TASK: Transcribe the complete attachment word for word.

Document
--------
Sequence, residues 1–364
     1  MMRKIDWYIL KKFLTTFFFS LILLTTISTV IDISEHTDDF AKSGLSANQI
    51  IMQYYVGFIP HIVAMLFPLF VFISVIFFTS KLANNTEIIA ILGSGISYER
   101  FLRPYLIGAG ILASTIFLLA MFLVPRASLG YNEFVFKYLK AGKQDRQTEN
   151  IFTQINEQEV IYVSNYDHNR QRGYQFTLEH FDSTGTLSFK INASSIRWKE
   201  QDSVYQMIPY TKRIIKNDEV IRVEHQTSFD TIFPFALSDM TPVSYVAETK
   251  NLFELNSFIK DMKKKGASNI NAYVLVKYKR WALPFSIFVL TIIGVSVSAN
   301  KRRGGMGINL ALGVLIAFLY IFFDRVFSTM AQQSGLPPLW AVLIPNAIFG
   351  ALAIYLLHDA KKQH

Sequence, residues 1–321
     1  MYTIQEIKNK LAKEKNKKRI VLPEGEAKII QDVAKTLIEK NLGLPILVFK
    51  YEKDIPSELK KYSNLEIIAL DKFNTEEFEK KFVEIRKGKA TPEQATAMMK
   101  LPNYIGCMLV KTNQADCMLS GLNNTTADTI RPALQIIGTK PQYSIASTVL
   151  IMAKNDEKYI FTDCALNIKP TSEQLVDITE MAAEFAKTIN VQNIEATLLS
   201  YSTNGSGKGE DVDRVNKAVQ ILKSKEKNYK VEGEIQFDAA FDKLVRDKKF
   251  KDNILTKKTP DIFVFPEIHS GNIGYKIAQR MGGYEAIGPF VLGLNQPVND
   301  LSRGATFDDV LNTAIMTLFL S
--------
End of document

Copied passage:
Sequence, residues 1–364
     1  MMRKIDWYIL KKFLTTFFFS LILLTTISTV IDISEHTDDF AKSGLSANQI
    51  IMQYYVGFIP HIVAMLFPLF VFISVIFFTS KLANNTEIIA ILGSGISYER
   101  FLRPYLIGAG ILASTIFLLA MFLVPRASLG YNEFVFKYLK AGKQDRQTEN
   151  IFTQINEQEV IYVSNYDHNR QRGYQFTLEH FDSTGTLSFK INASSIRWKE
   201  QDSVYQMIPY TKRIIKNDEV IRVEHQTSFD TIFPFALSDM TPVSYVAETK
   251  NLFELNSFIK DMKKKGASNI NAYVLVKYKR WALPFSIFVL TIIGVSVSAN
   301  KRRGGMGINL ALGVLIAFLY IFFDRVFSTM AQQSGLPPLW AVLIPNAIFG
   351  ALAIYLLHDA KKQH

Sequence, residues 1–321
     1  MYTIQEIKNK LAKEKNKKRI VLPEGEAKII QDVAKTLIEK NLGLPILVFK
    51  YEKDIPSELK KYSNLEIIAL DKFNTEEFEK KFVEIRKGKA TPEQATAMMK
   101  LPNYIGCMLV KTNQADCMLS GLNNTTADTI RPALQIIGTK PQYSIASTVL
   151  IMAKNDEKYI FTDCALNIKP TSEQLVDITE MAAEFAKTIN VQNIEATLLS
   201  YSTNGSGKGE DVDRVNKAVQ ILKSKEKNYK VEGEIQFDAA FDKLVRDKKF
   251  KDNILTKKTP DIFVFPEIHS GNIGYKIAQR MGGYEAIGPF VLGLNQPVND
   301  LSRGATFDDV LNTAIMTLFL S